Departmental Ditties Rudyard Kipling: Segregated in two neat volumes, one containing some regular poems and the other consisting of ballads, Departmental Ditties becomes a delightful read.
Kipling, one might note, had written it to be read with a simple state of mind, without any twists and turns and major metaphors lining the outskirts of the reader’s thoughts.
The Contents of the book are as follows:
VOLUME I: DEPARTMENTAL DITTIES AND OTHER VERSES
Study of an Elevation, in Indian Ink
A Legend of the Foreign Office
The Story of Uriah
The Post that Fitted
The Man Who Could Write
A Code of Morals
The Last Department
VOLUME II: BALLADS AND BARRACK-ROOM BALLADS
The Ballad of East and West
The Last Suttee
The Ballad of the King’s Mercy
The Ballad of the King’s Jest
The Ballad of Boh Da Thone
The Lament of the Border Cattle Thief
The Rhyme of the Three Captains
The Ballad of the “Clampherdown”
The Ballad of the “Bolivar”
The English Flag
An Imperial Rescript
The Widow at Windsor
The Young British Soldier
Ford O’ Kabul Rive
These poems were written mainly for journals and almost all of them were individually published in various magazines before the poet compiled all these into one heavy book.
Rudyard Kipling Poems
The poems are about a variety of things. Some are about soldiers, some about officers in the Government. Some are about love while some are just humorous. Some poems are so well written that you will go back to them immediately after you have finished the last line!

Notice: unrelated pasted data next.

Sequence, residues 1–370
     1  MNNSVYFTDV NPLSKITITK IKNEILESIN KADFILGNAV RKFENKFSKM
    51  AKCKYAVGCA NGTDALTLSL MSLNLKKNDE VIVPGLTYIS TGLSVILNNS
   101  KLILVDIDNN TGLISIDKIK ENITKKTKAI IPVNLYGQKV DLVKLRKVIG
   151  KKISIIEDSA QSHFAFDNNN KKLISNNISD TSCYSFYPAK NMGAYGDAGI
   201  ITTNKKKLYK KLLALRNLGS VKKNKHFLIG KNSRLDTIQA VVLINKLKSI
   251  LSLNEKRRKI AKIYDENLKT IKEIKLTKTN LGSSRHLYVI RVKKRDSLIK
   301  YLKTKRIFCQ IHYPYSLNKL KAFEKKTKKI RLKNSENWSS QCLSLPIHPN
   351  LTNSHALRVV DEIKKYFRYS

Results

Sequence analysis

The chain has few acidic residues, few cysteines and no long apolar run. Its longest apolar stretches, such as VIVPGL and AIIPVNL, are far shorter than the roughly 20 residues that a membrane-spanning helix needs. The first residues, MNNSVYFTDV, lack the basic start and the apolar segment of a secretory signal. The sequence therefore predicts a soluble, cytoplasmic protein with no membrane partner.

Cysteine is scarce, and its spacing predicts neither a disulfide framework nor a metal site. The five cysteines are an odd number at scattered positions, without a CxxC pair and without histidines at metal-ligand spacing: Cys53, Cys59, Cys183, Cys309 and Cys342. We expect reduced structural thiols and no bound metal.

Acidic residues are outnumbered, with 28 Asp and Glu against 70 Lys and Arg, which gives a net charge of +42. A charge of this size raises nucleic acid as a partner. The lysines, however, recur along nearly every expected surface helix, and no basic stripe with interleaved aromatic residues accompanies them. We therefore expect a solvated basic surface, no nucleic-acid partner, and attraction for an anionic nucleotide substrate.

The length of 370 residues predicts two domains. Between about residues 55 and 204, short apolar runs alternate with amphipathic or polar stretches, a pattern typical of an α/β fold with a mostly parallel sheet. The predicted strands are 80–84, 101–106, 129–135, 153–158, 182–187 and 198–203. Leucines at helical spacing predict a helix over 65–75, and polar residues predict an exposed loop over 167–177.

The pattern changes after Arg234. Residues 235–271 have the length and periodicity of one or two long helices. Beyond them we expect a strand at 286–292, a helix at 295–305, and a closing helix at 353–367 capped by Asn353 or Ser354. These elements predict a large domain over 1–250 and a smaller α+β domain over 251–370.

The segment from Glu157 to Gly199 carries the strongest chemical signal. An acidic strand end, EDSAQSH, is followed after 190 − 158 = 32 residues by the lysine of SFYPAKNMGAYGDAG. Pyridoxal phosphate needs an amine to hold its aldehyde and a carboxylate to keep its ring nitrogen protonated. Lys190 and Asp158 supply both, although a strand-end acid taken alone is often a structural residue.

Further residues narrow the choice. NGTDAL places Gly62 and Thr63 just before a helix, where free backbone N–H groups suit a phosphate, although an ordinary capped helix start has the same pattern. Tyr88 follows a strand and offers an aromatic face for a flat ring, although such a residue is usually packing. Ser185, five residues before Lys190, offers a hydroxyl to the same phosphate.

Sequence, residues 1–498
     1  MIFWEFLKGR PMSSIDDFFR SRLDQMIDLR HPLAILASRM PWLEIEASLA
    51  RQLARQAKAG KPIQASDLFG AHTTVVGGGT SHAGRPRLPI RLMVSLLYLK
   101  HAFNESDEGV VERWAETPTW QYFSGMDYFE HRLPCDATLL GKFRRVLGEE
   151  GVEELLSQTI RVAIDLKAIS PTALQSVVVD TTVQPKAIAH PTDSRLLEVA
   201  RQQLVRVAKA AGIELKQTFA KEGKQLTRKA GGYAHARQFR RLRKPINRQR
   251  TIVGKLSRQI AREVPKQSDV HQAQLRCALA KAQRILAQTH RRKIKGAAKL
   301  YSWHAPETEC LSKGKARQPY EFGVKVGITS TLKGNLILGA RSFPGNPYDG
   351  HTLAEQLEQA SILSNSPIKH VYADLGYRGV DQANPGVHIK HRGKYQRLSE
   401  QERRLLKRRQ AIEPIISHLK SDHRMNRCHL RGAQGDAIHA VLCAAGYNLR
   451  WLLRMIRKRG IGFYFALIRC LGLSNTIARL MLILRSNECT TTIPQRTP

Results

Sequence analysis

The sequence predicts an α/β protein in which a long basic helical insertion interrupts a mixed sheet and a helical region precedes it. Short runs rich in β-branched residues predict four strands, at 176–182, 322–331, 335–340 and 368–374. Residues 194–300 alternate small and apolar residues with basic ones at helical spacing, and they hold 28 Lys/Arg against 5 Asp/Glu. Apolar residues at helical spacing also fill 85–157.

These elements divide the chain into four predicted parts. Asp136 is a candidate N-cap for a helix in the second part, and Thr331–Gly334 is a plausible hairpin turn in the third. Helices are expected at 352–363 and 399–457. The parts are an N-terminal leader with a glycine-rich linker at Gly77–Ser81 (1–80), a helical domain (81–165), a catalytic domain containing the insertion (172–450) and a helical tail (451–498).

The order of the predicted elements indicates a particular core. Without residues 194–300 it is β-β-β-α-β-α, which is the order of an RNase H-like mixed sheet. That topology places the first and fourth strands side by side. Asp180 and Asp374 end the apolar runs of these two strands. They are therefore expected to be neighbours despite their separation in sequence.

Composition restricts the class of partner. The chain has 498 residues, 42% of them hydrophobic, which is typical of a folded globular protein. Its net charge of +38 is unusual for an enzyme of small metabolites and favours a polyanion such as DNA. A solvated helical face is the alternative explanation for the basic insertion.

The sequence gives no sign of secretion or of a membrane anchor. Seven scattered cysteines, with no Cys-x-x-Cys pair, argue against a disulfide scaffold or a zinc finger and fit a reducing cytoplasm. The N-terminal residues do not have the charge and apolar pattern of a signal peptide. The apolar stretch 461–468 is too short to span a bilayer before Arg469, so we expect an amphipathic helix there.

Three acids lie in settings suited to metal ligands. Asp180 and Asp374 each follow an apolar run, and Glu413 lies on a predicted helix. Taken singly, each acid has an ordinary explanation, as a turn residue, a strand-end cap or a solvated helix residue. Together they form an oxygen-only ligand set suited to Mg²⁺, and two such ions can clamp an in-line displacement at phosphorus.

Notably, most of them are set in India, with the main characters or the subject of interest in the poem being of the Indian origin. This, as any proud Indian would assume, depicts Kipling’s inclination towards the country he was born in and had spent quite some years of his life at.
Departmental Ditties Rudyard Kipling
Kipling writes about women in some of his poems. Like, in one, he writes about this really biased female who was the wife of an officer who did exactly what she would ask him to, no matter how illogical that be. He follows a rhyming scheme all throughout his poems which makes it all the funnier.
Another poem, The Legend, he writes about Raja Rustam Beg of Kolazai and how he was a particularly unbearable king because of his unamicable behavior. But the changes for a brief period to accomplish a certain position/post and thus begins bringing about all the good changes in his kingdom.
Just when his subjects began rejoicing, he realized he wouldn’t able to achieve his goal and thereafter went back to being who he was.
In one such other poem, Kipling narrates the story of a man who was asked to let go of smoking by his loving wife. She had asked him to make a choice between herself and his cigars, and in the last line of the poem, the poet discloses the final choice of the man.
( To know what this particular character chose, read the poem The Betrothed)
Rudyard Kipling’s Famous Works
This collection of poems also contains one of his most famous works, Gunga Din, which, arguably deserves a separate article for itself! This book is built on some of the finest poems of Rudyard Kipling and however humorous or lively each one may be, they will all leave you with enough food for your thinking mind!